Astronomers announced today at the American
Astronomical Society meeting in Rochester, New York, that they have
detected argon, a scientifically valuable noble gas, in comet Hale-Bopp.
This discovery constitutes the first-ever detection of a noble gas in a
comet. Noble gases provide valuable tracers of the thermal history and,
therefore, clues to the origins of comets.

The discovery was made by a team of four astronomers from Southwest
Research Institute=AA (SwRI), based in San Antonio, Texas, collaborating
with three colleagues from the University of Colorado, the University of
Maryland, and the Observatoire de Midi-Pyrenees in France. The study was
supported by NASA.

The data on comet Hale-Bopp were obtained in the form of ultraviolet
spectra during a NASA high-altitude suborbital research rocket flight on
the evening of March 29, 1997, just as comet Hale-Bopp made its closest
approach to the sun. According to team leader and Principal Investigator
Dr. Alan Stern, director of the SwRI Space Studies Department, “The argon
signals are weak, but unmistakable. We had previously suspected their
presence, but were able to recently confirm the result when we
cross-compared two independent spectra obtained by our rocket
instrument back in 1997.”

Adds co-investigator Dr. David Slater, a senior research scientist at SwRI,
“Hale-Bopp was among the brightest comets ever witnessed, and surely
the brightest comet in modern times. The detection of argon would not
have been possible except for Hale-Bopp’s unusually high brightness.”

Because noble gases do not interact chemically with other elements and
because noble gases are easily lost from icy bodies like comets at very
low temperatures through processes much like evaporation, their presence
or absence provides a way of measuring the thermal history of comets.
University of Maryland astronomer and team member Dr. Michael A’Hearn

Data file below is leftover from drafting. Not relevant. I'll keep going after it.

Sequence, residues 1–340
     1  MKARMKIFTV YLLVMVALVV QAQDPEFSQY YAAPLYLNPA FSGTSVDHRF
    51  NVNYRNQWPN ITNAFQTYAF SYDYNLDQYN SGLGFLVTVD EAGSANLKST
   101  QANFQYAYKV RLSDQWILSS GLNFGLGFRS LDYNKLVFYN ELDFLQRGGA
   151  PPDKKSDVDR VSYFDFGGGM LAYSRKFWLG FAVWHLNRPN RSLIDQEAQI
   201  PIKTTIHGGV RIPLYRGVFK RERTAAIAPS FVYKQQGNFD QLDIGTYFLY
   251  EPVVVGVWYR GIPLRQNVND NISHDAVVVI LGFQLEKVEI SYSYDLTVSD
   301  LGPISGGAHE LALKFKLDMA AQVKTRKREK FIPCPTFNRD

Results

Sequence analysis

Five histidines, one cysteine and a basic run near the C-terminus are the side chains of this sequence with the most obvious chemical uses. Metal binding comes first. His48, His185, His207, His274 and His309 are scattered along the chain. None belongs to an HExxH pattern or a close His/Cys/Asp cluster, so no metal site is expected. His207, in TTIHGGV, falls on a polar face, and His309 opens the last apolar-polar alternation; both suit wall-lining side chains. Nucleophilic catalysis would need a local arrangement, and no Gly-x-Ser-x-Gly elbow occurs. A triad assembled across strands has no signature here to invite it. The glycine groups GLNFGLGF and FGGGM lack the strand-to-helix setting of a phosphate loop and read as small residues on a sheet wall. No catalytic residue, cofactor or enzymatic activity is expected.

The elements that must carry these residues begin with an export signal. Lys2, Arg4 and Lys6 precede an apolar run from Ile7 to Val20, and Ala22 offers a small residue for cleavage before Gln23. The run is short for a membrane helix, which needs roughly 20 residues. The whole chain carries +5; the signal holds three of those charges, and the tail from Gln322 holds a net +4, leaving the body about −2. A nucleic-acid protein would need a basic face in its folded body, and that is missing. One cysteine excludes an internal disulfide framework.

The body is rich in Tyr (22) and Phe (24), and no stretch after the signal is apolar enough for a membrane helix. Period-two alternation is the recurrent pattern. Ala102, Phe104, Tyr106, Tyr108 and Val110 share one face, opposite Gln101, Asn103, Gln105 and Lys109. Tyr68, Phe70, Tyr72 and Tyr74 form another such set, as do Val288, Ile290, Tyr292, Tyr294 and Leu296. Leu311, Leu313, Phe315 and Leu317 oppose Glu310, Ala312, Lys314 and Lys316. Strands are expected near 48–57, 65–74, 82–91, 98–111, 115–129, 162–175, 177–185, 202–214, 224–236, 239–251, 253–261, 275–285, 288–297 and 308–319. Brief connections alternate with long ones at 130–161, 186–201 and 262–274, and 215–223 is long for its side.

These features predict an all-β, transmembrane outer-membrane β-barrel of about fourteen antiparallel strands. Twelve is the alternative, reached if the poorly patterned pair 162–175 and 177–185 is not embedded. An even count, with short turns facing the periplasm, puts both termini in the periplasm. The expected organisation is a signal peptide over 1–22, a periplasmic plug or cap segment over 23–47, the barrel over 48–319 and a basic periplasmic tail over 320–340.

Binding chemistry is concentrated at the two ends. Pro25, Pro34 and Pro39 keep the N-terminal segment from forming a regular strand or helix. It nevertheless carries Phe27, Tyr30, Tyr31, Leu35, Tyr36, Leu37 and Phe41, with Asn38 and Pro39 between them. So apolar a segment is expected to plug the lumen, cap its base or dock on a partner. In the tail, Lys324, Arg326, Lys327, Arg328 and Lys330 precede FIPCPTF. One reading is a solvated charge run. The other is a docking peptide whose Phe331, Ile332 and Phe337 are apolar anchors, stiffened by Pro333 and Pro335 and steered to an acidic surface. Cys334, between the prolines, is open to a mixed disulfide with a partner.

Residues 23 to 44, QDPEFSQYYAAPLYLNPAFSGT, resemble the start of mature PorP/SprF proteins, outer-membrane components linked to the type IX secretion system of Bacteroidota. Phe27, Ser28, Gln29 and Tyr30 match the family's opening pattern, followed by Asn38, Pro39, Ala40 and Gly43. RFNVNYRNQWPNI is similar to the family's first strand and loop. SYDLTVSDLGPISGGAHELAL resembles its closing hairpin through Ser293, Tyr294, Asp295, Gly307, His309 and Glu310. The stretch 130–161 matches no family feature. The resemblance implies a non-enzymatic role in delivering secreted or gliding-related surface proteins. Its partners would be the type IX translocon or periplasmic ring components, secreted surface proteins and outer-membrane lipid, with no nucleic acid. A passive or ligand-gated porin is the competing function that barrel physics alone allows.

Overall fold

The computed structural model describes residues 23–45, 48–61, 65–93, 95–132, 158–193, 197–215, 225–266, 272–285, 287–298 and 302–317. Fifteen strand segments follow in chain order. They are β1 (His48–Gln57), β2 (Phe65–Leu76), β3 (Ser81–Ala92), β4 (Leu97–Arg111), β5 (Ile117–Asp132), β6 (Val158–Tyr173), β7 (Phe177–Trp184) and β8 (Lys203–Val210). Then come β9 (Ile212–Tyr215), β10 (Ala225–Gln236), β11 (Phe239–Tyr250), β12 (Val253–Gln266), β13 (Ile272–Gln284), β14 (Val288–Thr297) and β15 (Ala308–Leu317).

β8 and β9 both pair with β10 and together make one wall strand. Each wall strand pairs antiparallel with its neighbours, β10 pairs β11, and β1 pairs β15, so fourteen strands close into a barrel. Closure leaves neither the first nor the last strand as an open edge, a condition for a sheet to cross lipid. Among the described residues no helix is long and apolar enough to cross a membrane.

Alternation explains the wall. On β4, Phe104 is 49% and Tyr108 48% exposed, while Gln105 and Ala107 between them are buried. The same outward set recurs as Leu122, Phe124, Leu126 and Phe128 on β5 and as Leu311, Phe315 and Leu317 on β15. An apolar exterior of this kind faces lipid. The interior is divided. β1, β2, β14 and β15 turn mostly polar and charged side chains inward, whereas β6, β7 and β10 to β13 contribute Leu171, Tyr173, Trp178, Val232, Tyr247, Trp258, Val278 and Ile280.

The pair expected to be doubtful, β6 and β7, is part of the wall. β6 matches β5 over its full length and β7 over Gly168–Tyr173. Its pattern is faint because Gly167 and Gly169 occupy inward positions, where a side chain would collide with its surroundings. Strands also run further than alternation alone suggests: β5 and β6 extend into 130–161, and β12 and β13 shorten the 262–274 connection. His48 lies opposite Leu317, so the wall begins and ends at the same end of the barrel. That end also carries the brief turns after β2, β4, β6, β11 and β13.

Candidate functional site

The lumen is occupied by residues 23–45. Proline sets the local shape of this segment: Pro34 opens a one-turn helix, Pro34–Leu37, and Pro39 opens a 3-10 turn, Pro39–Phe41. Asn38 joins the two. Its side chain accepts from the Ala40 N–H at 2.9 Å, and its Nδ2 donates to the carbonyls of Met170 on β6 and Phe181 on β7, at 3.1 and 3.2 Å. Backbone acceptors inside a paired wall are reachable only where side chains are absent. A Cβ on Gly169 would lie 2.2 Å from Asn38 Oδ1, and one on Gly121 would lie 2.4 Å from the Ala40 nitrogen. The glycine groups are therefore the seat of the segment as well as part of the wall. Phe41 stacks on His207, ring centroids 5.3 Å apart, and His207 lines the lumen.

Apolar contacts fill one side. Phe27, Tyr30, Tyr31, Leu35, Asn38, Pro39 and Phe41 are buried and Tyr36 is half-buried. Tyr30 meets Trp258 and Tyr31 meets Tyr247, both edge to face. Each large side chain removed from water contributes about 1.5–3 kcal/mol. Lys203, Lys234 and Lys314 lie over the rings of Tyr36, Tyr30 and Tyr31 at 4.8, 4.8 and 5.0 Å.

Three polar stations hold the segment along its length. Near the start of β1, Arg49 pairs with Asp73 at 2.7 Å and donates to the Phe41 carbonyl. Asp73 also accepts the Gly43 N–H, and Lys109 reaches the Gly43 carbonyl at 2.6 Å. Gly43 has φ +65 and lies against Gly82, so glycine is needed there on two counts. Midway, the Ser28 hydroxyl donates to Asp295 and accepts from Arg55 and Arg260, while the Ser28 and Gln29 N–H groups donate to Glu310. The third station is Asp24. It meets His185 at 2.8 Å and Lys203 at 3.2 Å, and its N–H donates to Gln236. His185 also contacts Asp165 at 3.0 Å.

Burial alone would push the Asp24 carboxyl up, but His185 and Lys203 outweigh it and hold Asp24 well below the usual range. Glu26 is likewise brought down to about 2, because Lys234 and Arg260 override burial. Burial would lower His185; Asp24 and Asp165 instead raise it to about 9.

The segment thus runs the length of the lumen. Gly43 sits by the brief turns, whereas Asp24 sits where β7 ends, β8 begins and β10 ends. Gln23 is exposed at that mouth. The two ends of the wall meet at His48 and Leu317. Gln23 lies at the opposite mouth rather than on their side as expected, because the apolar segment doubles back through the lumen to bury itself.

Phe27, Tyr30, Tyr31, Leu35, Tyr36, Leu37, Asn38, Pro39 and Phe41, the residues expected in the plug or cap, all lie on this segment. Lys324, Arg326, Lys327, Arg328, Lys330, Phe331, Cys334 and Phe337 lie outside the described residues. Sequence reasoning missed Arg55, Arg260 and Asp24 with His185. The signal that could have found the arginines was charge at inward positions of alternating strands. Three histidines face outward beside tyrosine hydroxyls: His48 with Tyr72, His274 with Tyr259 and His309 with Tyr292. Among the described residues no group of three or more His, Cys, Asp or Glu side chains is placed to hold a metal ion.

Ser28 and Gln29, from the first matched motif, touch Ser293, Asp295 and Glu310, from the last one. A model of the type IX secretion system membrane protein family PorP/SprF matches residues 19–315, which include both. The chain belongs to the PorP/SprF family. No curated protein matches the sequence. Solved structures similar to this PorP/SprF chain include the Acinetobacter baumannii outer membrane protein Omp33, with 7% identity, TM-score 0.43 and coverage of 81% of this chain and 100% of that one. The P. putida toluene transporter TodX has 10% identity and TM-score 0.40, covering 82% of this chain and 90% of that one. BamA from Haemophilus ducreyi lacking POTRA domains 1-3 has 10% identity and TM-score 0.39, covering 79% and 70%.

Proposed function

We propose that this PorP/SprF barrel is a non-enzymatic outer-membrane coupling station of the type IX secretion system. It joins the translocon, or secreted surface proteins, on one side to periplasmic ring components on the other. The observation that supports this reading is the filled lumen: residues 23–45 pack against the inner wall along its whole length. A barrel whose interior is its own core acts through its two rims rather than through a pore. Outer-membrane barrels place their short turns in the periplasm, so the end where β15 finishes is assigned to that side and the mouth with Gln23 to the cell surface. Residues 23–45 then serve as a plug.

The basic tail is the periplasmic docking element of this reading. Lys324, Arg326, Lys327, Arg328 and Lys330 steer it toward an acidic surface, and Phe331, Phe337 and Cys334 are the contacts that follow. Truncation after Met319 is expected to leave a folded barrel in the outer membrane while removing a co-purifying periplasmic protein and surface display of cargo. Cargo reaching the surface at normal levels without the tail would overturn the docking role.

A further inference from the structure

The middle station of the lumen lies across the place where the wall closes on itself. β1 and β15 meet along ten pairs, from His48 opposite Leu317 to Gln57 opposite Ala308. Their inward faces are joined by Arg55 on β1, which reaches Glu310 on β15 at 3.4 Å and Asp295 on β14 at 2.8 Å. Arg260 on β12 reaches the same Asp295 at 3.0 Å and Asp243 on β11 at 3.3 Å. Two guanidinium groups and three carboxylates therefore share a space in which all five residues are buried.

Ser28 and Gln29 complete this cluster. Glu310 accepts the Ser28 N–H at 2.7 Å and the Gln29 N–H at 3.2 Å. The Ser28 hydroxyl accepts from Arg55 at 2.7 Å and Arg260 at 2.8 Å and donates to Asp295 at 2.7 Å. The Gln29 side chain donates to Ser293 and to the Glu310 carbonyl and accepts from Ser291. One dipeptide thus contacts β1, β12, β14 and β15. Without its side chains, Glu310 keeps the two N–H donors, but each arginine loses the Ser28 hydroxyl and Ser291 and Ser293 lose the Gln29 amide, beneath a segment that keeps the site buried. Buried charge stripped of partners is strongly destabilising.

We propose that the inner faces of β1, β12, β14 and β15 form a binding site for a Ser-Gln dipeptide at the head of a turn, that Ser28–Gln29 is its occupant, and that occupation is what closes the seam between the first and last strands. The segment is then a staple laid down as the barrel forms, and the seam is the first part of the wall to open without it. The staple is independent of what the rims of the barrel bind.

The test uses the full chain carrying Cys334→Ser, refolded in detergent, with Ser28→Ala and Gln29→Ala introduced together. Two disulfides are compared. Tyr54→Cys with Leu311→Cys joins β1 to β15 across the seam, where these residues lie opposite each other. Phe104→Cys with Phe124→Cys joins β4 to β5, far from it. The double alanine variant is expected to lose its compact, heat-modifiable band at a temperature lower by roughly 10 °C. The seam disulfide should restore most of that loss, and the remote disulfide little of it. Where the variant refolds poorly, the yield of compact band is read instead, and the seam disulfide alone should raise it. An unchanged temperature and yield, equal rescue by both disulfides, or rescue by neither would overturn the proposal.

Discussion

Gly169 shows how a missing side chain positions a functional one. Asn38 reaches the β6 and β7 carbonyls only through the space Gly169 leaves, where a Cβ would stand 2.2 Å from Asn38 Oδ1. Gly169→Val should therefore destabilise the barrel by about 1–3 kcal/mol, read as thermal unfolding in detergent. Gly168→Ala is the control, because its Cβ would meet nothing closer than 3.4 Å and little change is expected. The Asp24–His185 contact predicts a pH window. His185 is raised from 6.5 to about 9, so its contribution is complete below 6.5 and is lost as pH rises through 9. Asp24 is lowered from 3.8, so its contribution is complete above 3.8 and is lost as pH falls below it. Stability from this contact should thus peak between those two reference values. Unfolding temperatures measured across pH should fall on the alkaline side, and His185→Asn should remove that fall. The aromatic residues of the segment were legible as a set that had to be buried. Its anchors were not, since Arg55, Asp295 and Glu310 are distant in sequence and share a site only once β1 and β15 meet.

explains, “That’s the reason cometary astronomers have wanted to detect
noble gases for so long. The advance of technology combined with the
brightness of Hale-Bopp made this goal a reality.”

Interestingly, the team’s spectra showed that the argon abundance in
Hale-Bopp was so high that it indicates the comet has always been quite
cold and likely formed in the deep outer reaches of the solar system, far
beyond its once-suspected birthplace in the somewhat warmer Jupiter
zone. “Our results indicate that Hale-Bopp was likely formed in the
Uranus-Neptune zone,” says Stern. The high argon abundance of Hale-Bopp
may also help explain the unexpected findings by the Galileo Jupiter entry
probe, which found that Jupiter has an argon abundance similar to comet
Hale-Bopp. “Perhaps Jupiter was seeded with extra argon by the impact
of many comets like Hale-Bopp early in the history of the solar system,”
remarks Stern.

The detection of argon in Hale-Bopp has whet the scientists’ appetite for
more noble gas data on comets. The team is preparing an instrument called
the ALICE Ultraviolet Spectrometer for NASA to fly to comet Wirtanen
aboard the European-U.S. Rosetta comet orbiter mission to be launched in
2003. The team has proposed a series of additional NASA rocket launches
in 2002 and 2003 to search for argon and other noble gases, even before
the Wirtanen orbiter mission is launched. Stern says, “Using this even
more sensitive generation of instruments, we look forward to comparing
different comets to one another to learn about the diversity of cometary

For more information about the origin of Hale-Bopp, contact Maria Martinez,
Communications Department, Southwest Research Institute, P.O. Drawer
28510, San Antonio, Texas, 78228-0510, Phone (210) 522-3305,
Fax (210) 522-3547.